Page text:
Causal relationships are big on the LSAT. Failure to understand them causes problems. Causation comes up all over the place — in reading comp and in a bunch of logical reasoning questions. But causation is especially important in logical reasoning questions that ask you to strengthen or weaken arguments. A high proportion of these questions involve causation somehow.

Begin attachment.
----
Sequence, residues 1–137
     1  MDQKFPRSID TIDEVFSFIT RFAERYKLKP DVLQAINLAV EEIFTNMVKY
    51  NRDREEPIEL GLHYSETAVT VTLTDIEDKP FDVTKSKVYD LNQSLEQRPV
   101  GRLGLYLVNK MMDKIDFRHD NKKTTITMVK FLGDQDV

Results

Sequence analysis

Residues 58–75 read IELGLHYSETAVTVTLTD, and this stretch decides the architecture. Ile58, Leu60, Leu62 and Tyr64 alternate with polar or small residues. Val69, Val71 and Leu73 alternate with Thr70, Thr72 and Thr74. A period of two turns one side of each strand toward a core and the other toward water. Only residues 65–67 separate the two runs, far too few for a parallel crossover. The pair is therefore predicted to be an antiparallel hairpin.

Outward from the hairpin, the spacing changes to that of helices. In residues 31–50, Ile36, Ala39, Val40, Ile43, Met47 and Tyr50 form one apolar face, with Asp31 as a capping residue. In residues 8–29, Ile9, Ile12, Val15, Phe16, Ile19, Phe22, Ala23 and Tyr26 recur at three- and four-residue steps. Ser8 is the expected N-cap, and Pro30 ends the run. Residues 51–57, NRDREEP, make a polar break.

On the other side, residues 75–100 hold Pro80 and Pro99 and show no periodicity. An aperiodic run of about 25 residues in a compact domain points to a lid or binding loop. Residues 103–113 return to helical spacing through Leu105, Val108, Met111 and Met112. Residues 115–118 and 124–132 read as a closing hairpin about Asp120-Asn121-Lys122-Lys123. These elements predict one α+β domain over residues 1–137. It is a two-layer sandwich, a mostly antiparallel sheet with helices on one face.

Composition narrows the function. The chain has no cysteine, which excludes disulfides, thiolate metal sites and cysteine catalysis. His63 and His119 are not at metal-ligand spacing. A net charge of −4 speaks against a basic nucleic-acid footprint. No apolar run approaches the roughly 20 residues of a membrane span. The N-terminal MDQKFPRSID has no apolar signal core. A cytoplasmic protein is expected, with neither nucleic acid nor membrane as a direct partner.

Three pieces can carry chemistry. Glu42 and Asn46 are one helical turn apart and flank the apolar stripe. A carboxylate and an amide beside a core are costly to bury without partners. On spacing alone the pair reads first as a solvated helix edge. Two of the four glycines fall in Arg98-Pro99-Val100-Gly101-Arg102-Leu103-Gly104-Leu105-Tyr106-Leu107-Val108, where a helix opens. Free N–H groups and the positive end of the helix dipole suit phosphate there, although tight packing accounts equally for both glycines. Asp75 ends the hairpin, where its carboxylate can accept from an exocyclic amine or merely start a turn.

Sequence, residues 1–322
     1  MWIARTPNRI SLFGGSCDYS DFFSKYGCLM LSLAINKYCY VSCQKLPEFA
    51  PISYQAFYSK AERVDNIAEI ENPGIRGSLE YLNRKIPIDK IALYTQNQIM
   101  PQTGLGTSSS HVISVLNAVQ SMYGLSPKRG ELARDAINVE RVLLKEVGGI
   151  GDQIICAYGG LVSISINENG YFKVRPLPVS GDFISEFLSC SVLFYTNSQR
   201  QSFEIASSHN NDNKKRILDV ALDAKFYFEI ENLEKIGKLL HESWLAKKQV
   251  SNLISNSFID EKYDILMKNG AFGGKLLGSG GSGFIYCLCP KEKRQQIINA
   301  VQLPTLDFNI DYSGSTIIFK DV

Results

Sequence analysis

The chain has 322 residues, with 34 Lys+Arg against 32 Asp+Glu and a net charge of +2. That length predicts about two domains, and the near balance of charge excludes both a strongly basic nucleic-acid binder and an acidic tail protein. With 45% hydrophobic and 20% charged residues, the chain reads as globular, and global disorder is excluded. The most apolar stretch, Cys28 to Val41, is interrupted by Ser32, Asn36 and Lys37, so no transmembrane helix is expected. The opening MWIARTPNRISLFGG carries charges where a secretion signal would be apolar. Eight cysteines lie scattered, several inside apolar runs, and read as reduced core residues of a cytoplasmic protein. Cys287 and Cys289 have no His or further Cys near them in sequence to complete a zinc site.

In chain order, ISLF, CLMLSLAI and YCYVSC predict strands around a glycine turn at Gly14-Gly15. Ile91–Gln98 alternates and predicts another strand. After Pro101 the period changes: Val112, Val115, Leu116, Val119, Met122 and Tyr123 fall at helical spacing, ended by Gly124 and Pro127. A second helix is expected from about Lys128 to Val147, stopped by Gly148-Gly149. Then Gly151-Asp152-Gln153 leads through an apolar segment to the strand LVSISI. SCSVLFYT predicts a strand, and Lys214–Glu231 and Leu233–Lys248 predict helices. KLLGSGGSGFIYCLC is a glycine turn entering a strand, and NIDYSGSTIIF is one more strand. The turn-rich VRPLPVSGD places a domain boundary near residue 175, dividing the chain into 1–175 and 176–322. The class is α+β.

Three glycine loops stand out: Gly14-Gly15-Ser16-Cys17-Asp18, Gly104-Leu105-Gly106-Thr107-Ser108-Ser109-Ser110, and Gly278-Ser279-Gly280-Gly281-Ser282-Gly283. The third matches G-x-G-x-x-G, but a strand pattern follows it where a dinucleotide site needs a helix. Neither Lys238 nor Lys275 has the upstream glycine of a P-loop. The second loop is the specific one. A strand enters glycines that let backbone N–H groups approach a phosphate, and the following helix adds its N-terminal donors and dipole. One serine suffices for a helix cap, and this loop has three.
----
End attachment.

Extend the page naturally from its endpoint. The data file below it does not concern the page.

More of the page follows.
As this rabid, flea-bitten cur of a presidential election comes mercifully to an end, we should try to find something — anything! — positive to come out of it. So, here is my feeble attempt to bind up the nation’s wounds: We got to see a record-breaking amount of logical fallacies, and now there are concrete examples to think of when you’re trying to get all the flaws down for the LSAT.